Since our plans had to be radically restructured, we decided that we would make an en route visit to Ikea. We weren't intending to buy anything1; it was more of a reconnaissance mission to check out the lie of the land and sit on some sofas. Our current flat is fully furnished, and while we have a few pieces of furniture that we have somehow managed to shoe-horn in amongst the truly horrible pieces that came with the flat, we'll need some more after we move if we're going to avoid sitting and sleeping on the floor.
You'll have to bear with me here, as I'm sure that everyone reading is a seasoned Ikea professional — "been there, done that, bought a million tea lights for Â£1.50". But I've only been once, several years ago, and Mr. Bsag was an Ikea virgin. We must have looked like slack-jawed yokels wandering around the shelves, uttering awed statements about the cheapness and beauty of everything on display; "Look! That rug is only £7.50! Here's a little bamboo plant for two quid!". The fact that we have no need of any more rugs — or indeed any bamboo at all — is neither here nor there. It really is a bewildering place.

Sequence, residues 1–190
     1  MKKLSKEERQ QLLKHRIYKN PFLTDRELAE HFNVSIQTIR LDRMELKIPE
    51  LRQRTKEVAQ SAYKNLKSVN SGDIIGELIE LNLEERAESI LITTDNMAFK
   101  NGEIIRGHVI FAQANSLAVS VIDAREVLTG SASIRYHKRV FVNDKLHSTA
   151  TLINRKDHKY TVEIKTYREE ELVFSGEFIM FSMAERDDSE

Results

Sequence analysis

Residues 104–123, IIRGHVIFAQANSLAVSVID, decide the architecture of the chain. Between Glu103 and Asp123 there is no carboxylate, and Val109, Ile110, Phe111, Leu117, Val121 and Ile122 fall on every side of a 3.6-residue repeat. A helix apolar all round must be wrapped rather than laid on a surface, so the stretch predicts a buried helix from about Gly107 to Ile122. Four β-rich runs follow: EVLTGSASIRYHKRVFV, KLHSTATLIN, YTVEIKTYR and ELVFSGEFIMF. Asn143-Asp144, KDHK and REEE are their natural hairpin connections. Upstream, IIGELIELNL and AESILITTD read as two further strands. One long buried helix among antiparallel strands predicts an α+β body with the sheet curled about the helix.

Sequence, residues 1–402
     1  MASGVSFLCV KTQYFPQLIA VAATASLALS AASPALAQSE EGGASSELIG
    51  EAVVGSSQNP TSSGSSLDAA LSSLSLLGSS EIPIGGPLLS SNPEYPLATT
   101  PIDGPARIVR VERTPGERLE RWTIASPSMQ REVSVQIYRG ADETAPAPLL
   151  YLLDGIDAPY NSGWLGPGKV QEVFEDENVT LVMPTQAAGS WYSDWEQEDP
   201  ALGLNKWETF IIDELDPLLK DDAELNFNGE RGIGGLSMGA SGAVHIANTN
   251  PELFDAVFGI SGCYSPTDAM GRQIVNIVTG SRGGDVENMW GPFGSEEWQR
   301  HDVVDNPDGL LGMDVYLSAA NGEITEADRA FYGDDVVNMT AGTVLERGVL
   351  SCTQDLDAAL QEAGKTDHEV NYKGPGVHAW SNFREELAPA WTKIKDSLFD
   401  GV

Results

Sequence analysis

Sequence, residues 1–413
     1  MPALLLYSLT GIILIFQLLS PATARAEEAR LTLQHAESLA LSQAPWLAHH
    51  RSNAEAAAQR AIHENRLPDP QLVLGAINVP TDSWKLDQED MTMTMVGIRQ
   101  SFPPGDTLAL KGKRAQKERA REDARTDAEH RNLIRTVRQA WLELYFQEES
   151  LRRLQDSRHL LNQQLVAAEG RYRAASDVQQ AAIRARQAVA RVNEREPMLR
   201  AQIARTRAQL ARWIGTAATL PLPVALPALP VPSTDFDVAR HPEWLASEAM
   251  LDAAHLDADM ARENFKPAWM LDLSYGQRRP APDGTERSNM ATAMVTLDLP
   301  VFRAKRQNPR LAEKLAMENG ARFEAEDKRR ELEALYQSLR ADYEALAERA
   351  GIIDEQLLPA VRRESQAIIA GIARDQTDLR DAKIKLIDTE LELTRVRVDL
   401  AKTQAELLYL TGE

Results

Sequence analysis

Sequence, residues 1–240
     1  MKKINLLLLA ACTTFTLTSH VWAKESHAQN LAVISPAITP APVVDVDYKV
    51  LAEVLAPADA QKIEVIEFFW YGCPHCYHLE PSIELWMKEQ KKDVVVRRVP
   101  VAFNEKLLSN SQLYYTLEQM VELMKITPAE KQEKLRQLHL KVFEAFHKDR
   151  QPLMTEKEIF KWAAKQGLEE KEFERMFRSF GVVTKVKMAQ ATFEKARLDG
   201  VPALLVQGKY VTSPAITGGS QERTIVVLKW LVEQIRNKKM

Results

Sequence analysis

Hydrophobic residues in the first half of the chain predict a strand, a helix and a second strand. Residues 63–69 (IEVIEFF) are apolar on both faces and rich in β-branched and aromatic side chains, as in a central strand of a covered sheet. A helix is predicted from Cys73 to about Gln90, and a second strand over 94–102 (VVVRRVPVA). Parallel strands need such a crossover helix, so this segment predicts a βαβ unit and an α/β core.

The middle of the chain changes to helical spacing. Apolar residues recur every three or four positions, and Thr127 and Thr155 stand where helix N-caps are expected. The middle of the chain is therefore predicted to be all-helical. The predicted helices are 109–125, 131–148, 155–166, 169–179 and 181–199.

If you have been to Ikea before, I'm sure you'll be impressed that we did manage to come away without making a single purchase. In fact, we were up by two little Ikea pencils, which we forgot to replace in the holder. I don't feel too guilty, though. By the time we've bought some furniture for the new place I'm sure that we will have paid for our pencils many times over.
1 I imagine this is a common plaintive cry when people find themselves back at their car in a dazed state, and are surprised to find bags full of CD shelves and place mats in their hands.